Posts Tagged dorset buttons

Knit Two

Back at the beginning of May this year I told you I was having a knitfest and, in a reckless show of enthusiasm, showed you lots of things that were on my needles or just about to be.

There was the fisherman’s rib (😱) jumper which I finished under duress and showed you in a previous post, a blanket with squares knitted using various methods such as mosaic and cable which is still ‘on the go’, a jumper with a star in relief on the front which is knitted but not yet sewn up and  a boxy, oversized cardigan which – tadah – I finished the other day.

As promised by the pattern, worn here by its beautiful, delicate looking, teensy tiny designer, (Stephanie Jessica Lau), the Midtown Cardigan is indeed, oversized, relaxed and slouchy………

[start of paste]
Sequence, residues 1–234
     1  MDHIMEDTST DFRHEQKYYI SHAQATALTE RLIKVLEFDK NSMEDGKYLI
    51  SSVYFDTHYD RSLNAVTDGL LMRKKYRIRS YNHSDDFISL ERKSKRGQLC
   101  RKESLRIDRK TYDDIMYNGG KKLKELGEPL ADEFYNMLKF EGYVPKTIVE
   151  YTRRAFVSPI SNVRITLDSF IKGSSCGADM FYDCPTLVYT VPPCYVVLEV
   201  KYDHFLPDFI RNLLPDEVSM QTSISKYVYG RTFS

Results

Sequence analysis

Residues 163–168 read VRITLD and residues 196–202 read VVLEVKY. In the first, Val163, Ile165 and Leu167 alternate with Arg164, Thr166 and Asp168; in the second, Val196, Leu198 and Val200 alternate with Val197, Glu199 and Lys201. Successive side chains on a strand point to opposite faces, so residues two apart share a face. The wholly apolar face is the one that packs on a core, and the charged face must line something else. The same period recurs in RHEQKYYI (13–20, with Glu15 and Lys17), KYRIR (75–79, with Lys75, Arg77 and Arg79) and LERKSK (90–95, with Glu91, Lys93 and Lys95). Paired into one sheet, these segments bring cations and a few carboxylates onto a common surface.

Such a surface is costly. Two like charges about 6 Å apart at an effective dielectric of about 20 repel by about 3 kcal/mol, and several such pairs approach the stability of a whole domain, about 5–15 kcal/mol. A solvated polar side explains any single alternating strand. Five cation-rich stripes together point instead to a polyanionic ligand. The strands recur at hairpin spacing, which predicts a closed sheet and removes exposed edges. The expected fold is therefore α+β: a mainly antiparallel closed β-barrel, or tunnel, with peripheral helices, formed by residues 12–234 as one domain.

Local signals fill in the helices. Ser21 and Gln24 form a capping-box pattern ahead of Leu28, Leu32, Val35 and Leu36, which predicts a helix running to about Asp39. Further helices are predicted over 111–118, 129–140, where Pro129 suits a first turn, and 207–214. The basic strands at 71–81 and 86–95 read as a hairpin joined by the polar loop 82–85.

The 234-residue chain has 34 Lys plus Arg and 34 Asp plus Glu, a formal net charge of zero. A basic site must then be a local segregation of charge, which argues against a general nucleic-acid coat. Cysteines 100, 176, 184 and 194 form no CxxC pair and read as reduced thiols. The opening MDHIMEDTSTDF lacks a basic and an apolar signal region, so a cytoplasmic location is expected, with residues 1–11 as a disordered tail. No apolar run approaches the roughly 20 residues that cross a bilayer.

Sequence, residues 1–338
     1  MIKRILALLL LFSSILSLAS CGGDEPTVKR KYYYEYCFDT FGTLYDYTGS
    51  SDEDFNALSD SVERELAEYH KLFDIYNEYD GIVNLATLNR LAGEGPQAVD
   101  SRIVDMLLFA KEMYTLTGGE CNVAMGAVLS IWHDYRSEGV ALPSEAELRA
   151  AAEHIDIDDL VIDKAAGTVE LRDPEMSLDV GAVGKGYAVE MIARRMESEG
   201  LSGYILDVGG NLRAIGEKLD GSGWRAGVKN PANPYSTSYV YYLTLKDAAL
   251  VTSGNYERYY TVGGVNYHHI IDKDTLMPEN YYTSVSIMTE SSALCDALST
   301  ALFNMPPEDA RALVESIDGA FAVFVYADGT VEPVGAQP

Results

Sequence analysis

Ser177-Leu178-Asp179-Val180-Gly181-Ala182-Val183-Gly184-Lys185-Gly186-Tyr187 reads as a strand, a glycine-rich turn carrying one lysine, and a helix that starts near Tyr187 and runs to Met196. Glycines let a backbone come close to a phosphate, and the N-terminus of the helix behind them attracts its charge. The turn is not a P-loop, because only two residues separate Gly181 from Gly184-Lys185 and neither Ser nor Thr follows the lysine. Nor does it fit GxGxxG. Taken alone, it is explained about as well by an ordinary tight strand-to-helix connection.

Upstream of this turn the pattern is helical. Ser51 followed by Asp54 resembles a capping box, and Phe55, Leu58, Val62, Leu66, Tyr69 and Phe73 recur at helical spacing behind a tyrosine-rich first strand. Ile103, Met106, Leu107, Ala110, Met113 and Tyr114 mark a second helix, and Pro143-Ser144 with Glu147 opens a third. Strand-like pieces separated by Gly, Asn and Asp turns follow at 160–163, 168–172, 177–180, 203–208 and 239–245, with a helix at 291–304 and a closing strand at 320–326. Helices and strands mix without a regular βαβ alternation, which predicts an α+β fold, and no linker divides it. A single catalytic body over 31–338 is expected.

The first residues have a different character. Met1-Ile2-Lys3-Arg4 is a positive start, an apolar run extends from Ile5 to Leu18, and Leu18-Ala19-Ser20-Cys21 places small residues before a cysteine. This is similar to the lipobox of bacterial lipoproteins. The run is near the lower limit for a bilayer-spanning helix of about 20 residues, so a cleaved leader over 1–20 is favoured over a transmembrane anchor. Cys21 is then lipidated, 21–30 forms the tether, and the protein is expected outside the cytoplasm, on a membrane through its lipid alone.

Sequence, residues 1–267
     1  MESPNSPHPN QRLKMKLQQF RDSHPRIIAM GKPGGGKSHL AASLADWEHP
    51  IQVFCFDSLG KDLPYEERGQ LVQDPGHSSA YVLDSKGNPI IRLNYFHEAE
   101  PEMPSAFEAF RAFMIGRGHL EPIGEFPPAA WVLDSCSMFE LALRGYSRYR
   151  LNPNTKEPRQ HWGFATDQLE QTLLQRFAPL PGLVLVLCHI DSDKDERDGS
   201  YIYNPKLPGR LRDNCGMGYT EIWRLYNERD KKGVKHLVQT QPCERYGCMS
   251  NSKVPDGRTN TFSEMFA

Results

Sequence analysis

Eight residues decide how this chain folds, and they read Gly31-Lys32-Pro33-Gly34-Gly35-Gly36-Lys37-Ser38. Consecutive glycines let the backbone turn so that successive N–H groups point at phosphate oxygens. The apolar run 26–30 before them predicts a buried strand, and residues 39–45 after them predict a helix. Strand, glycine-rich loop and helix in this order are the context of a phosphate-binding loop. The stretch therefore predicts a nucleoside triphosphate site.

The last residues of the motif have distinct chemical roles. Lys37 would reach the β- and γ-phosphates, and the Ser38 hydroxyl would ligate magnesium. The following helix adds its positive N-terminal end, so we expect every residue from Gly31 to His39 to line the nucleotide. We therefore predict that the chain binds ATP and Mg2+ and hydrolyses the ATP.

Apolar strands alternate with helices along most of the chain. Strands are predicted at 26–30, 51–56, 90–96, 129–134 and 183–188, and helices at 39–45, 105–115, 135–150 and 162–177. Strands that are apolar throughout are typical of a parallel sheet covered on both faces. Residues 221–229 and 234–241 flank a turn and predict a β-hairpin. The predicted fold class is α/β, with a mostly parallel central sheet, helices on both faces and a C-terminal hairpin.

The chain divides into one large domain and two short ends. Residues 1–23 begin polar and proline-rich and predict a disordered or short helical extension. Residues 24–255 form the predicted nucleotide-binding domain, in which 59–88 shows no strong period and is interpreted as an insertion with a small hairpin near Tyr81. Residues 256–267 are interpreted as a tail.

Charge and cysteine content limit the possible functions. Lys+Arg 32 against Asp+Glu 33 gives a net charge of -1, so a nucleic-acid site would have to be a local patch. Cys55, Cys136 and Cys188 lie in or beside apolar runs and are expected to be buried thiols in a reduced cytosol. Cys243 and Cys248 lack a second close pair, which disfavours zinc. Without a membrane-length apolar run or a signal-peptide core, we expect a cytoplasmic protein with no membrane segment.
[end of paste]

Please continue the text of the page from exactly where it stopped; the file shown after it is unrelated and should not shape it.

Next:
……..and worn here by me.

Being garter stitch it was perfect T.V./Netflix/Craft group knitting but every glitch in the stitches shows up in a rather unforgiving fashion

You can tell from the side and back views just how generously proportioned it is.

Dwindling from incredibly broad shoulders into teeny ankles – a feat achieved by a 5’3″ woman being photographed by a 6’4″ husband who forget to crouch down a bit.

Do you like our Japanese anemones by the way?

To ‘make it mine’ I made a couple of Dorset Buttons with the same yarn (King Cole’s Luxury Merino DK) and attached them to the pockets.

All in all, it came out as I expected and it is very warm and cosy and will come in very handy with the cooler days inevitably on their way.

I imagine it will be the star jumper I’ll be showing you next even though I keep putting off sewing up the seams – which is odd for somebody who does more sewing than knitting.